Religious Climate and Health Risk Behaviors in Sexual Minority Youths

A Population-Based Study

A study exploring the relationship between health risk behaviors of lesbian, gay and bisexual (LGB) youth and the religious environment of their communities found that the religious climate in which LGB youths live can determine their health risk behaviors.

The authors collected data on 31,852 high school students (including 1,413 LGB students) who participated in the Oregon Healthy Teens survey from 2006–2008, and used U.S. census information on religious adherents for 85 denominational groups in 34 Oregon counties. The authors examined denominational websites, doctrinal statements and resolutions for stances on homosexuality, and determined whether denominations blessed same-sex unions or ordained gay clergy. The authors examined possible confounding variables in community climate, such as the proportion of same-sex partner households.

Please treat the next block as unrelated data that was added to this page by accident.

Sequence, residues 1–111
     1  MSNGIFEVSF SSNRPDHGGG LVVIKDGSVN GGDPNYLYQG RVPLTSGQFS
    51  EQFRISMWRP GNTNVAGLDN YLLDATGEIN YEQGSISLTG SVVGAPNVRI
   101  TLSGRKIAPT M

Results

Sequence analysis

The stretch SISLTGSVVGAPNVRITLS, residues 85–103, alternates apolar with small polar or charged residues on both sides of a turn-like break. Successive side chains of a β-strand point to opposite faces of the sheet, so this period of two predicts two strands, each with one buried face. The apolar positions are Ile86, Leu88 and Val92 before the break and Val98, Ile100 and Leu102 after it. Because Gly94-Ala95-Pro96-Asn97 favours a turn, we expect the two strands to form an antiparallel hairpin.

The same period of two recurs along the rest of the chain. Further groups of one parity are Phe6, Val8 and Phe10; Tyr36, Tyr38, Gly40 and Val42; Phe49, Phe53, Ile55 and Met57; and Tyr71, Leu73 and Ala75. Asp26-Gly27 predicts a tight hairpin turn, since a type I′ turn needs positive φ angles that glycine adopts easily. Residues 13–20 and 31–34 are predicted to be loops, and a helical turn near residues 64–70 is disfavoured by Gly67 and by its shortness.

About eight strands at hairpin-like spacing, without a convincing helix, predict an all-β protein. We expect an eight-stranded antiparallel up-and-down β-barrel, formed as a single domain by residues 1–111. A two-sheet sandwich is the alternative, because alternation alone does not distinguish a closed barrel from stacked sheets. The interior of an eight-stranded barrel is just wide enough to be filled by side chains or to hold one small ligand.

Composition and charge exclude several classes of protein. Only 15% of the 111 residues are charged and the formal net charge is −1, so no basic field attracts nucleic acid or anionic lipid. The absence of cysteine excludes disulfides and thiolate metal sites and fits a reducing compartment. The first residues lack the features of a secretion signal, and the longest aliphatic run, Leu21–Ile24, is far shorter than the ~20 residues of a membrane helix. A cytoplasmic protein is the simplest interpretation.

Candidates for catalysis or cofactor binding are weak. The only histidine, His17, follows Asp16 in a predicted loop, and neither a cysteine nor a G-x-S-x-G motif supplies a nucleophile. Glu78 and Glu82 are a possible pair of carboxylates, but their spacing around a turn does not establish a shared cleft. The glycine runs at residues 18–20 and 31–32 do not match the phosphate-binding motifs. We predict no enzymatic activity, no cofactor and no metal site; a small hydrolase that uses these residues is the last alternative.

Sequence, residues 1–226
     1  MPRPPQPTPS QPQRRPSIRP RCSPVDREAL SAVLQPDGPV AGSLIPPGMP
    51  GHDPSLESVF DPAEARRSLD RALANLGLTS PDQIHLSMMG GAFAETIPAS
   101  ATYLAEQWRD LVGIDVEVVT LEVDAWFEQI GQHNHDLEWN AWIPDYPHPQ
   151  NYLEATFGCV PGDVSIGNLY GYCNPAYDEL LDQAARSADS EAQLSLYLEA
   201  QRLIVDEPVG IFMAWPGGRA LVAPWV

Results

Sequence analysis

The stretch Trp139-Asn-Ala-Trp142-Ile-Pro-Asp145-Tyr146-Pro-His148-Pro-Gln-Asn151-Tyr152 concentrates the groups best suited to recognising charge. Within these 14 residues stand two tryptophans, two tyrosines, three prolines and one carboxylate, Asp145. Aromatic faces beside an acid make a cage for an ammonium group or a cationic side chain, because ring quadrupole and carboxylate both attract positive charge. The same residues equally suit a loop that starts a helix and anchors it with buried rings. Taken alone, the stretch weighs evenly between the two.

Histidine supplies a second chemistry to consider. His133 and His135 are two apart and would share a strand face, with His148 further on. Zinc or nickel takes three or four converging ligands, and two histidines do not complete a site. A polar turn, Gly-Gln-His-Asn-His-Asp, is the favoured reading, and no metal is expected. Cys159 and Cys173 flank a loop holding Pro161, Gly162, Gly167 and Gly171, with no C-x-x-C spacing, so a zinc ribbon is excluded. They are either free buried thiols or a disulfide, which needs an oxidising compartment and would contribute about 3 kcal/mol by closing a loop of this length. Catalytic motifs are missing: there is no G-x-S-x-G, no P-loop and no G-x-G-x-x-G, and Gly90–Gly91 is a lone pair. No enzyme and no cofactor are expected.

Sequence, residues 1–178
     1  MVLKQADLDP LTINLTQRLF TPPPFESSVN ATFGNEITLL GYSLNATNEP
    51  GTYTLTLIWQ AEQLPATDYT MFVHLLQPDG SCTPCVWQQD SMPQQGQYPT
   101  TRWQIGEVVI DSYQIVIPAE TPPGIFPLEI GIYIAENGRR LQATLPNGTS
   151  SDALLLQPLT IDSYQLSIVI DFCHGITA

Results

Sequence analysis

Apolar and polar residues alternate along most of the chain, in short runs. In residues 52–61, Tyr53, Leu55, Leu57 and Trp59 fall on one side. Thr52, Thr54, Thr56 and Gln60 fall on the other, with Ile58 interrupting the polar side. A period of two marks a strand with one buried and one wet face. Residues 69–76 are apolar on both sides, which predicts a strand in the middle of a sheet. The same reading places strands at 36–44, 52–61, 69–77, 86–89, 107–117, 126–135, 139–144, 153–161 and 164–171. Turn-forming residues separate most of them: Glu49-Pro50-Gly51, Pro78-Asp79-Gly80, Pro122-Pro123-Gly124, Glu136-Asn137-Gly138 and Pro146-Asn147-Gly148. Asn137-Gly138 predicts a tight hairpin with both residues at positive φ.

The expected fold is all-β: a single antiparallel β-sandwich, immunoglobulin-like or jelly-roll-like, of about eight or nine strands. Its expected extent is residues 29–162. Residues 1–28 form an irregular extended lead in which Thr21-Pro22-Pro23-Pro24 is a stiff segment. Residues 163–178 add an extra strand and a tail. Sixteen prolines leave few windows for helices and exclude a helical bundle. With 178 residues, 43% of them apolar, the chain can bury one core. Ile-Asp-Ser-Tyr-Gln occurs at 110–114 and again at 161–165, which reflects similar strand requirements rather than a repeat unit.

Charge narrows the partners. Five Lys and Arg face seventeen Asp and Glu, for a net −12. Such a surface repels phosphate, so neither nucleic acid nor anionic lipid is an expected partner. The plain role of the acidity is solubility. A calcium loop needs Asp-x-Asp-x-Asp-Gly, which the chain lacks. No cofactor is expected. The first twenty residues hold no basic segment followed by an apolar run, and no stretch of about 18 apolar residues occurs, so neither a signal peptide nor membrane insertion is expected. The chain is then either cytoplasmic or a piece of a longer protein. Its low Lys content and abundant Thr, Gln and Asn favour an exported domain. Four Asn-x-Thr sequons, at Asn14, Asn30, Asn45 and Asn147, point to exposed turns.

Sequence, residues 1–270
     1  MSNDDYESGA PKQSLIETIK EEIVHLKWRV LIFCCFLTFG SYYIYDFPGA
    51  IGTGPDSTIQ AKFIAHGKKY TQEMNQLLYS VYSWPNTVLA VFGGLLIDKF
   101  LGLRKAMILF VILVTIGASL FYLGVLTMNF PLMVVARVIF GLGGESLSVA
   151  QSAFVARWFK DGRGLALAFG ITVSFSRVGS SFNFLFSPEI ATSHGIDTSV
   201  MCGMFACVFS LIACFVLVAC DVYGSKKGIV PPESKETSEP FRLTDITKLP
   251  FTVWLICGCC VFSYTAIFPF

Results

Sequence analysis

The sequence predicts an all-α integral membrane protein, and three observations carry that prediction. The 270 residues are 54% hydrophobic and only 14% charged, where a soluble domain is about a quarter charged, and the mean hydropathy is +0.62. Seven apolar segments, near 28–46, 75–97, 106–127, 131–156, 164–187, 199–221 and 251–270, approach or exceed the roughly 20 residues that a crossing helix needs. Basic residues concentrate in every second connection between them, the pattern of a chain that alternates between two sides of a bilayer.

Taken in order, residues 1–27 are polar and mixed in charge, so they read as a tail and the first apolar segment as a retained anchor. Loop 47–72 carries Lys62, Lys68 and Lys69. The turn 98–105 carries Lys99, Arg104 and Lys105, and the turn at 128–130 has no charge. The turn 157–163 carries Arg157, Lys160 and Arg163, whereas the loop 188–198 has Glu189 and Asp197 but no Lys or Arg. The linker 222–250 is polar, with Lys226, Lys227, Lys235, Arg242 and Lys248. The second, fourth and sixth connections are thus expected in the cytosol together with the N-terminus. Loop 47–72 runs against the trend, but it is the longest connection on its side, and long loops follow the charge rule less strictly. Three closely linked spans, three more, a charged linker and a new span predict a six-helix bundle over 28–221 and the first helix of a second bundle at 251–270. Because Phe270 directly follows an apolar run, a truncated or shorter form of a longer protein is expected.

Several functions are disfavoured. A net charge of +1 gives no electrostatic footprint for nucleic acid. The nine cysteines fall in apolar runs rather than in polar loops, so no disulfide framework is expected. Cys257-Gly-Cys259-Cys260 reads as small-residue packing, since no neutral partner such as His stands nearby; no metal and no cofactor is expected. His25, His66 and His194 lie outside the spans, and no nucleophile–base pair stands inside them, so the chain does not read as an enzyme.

LGB youths living in counties with supportive religious climates had fewer alcohol abuse symptoms and sexual partners than LGB youths in counties with unsupportive religious climates. This effect was the same for heterosexual youth, albeit less pronounced. Religious climate had no major effect on tobacco use for either LGB or heterosexual youth. These results were strong even after being adjusted for confounding variables.

The authors argue that interventions to minimize the negative psychosocial consequences of stigmatizing social environments should be a public health priority.